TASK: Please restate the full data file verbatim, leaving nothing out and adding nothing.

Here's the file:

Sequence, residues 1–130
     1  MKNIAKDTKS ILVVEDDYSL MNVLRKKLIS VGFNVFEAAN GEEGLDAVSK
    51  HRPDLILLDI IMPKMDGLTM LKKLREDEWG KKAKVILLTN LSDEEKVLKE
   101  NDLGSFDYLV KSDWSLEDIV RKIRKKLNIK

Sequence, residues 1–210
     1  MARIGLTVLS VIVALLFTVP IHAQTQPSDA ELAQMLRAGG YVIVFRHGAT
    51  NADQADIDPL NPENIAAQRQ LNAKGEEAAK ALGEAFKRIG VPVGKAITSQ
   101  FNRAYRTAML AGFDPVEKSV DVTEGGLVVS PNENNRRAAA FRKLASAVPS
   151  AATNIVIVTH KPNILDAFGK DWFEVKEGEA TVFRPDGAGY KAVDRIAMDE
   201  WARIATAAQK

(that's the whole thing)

Sequence, residues 1–130
     1  MKNIAKDTKS ILVVEDDYSL MNVLRKKLIS VGFNVFEAAN GEEGLDAVSK
    51  HRPDLILLDI IMPKMDGLTM LKKLREDEWG KKAKVILLTN LSDEEKVLKE
   101  NDLGSFDYLV KSDWSLEDIV RKIRKKLNIK

Sequence, residues 1–210
     1  MARIGLTVLS VIVALLFTVP IHAQTQPSDA ELAQMLRAGG YVIVFRHGAT
    51  NADQADIDPL NPENIAAQRQ LNAKGEEAAK ALGEAFKRIG VPVGKAITSQ
   101  FNRAYRTAML AGFDPVEKSV DVTEGGLVVS PNENNRRAAA FRKLASAVPS
   151  AATNIVIVTH KPNILDAFGK DWFEVKEGEA TVFRPDGAGY KAVDRIAMDE
   201  WARIATAAQK